Throughout Christian history, our Lord has shown us that He is really present as the Blessed Sacrament. Interestingly, many Eucharistic miracles have occurred during times of weakened Faith. For instance, many Eucharist miracles have taken place as a result of someone doubting the Real Presence. Most Eucharistic miracles involve incidences in which the Host has “turned into human flesh and blood”. Of course, we as Catholics believe that the consecrated Host is the Body, Blood, Soul, and Divinity of our Lord, under the appearances of bread and wine. Therefore, Jesus, through these miracles, merely manifests His Presence in a more tangible way.
In 1263 a German priest, Peter of Prague, stopped at Bolsena while on a pilgrimage to Rome. He is described as being a pious priest, but one who found it difficult to believe that Christ was actually present in the consecrated Host. While celebrating Holy Mass above the tomb of St. Christina he had barely spoken the words of Consecration when blood started to seep from the consecrated Host and trickle over his hands onto the altar and the corporal. The priest was immediately confused. At first he attempted to hide the blood, but then he interrupted the Mass and asked to be taken to the neighboring city of Orvieto, the city where Pope Urban IV was then residing.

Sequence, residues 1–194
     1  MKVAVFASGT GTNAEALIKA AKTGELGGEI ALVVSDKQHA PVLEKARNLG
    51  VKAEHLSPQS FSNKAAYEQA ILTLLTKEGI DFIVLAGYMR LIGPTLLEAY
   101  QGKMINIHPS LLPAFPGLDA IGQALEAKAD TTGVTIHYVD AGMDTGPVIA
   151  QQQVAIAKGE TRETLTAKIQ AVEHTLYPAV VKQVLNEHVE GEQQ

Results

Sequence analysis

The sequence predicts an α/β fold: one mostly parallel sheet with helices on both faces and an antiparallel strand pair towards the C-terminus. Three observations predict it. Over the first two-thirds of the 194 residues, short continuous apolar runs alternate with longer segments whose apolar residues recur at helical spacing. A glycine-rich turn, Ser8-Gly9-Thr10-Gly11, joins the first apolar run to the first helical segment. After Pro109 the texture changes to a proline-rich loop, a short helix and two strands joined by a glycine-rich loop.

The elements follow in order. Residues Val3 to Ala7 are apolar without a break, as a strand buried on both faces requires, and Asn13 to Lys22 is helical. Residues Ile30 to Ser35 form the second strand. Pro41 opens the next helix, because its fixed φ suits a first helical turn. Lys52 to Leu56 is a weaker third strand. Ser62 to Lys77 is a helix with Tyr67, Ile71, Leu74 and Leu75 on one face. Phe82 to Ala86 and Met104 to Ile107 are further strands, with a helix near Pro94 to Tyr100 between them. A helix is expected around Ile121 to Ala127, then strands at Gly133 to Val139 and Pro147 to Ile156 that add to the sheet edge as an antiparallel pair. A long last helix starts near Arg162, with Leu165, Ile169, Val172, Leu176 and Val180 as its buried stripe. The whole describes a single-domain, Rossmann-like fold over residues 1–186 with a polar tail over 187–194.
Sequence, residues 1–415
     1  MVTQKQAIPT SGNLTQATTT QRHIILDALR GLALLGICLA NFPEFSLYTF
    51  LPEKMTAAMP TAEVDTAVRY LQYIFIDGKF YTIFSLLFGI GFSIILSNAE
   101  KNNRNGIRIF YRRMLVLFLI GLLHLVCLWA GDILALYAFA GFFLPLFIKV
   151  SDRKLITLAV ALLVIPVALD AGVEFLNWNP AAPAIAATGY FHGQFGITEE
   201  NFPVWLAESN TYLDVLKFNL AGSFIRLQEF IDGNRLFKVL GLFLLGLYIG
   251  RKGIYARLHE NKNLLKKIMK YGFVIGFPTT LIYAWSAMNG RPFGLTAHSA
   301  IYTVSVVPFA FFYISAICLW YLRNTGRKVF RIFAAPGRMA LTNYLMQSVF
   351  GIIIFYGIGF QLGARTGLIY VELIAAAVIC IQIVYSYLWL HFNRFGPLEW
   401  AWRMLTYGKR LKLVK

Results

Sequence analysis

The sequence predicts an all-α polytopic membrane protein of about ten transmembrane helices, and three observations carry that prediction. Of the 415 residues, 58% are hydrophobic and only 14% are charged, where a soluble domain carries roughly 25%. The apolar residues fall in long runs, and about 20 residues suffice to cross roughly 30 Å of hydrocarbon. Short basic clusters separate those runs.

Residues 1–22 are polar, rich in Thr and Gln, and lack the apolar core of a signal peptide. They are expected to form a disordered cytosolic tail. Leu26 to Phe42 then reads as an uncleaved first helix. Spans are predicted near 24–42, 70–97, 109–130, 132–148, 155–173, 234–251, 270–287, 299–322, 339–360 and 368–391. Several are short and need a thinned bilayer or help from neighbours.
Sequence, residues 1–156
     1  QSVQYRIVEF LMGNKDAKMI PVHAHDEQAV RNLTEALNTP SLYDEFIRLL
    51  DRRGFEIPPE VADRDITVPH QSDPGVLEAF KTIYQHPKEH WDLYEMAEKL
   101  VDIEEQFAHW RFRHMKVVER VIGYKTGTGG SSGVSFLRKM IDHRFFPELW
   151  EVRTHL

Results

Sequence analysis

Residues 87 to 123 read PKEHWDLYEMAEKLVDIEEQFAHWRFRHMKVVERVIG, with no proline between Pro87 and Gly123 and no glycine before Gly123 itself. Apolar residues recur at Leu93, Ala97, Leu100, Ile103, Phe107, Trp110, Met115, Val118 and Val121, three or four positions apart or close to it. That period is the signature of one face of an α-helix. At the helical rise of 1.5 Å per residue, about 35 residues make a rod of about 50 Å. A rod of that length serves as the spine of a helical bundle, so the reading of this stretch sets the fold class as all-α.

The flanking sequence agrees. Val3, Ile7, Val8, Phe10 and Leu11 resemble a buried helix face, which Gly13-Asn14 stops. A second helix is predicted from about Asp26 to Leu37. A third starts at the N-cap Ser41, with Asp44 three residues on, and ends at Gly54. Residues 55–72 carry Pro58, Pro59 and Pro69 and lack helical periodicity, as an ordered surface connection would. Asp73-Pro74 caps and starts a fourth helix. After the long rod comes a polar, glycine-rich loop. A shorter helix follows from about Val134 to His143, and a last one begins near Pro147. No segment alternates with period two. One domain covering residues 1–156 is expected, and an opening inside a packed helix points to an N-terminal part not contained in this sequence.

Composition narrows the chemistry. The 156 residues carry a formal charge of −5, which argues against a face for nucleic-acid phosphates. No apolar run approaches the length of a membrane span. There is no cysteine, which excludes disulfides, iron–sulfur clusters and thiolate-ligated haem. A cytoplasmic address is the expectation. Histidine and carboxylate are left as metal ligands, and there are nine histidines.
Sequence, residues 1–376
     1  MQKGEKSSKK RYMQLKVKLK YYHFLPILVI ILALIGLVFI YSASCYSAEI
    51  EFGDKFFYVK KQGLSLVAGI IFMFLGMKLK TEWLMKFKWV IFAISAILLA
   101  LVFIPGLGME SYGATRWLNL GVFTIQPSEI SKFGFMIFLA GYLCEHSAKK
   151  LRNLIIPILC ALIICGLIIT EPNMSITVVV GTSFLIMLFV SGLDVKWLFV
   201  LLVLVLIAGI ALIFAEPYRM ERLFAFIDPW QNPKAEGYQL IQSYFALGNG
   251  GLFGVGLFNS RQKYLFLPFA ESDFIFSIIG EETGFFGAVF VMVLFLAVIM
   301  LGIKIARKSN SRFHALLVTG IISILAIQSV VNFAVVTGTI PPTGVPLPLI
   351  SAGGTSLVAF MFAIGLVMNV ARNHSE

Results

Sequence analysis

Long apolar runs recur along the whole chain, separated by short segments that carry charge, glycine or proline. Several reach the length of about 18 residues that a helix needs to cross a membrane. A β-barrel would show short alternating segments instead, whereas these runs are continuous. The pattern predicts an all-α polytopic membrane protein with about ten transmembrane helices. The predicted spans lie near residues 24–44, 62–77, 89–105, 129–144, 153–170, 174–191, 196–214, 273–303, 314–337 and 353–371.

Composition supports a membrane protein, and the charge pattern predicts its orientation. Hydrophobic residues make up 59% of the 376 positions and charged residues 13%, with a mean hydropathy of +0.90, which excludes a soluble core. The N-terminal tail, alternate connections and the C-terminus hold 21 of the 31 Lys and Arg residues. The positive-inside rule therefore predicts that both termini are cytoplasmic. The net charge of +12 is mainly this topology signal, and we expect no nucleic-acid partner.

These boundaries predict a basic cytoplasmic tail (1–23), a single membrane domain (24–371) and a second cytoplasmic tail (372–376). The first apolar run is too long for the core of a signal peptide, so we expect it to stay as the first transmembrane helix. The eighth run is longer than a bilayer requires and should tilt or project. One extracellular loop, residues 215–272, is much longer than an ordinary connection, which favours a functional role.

The Pope listened to the priest’s account and absolved him. He then sent emissaries for an immediate investigation. When all the facts were ascertained, he ordered the Bishop of the diocese to bring to Orvieto the Host and the linen cloth bearing the stains of blood and had the relics placed in the cathedral. The linen corporal bearing the spots of blood is still reverently enshrined and exhibited in the Cathedral of Orvieto. Many pilgrims and tourists journey to St. Christina’s Church in Bolsena to see for themselves the place where the miracle occurred; where the stains on the paved floor are said to have been made by the blood from the miraculous Host.
It is said that Pope Urban IV was prompted by this miracle to commission St. Thomas Aquinas to compose the Proper for a Mass and an Office honoring the Holy Eucharist as the Body of Christ. One year after the miracle, in August of 1264, Pope Urban IV introduced the saint’s composition, and by means of a papal bull instituted the feast of Corpus Christi.
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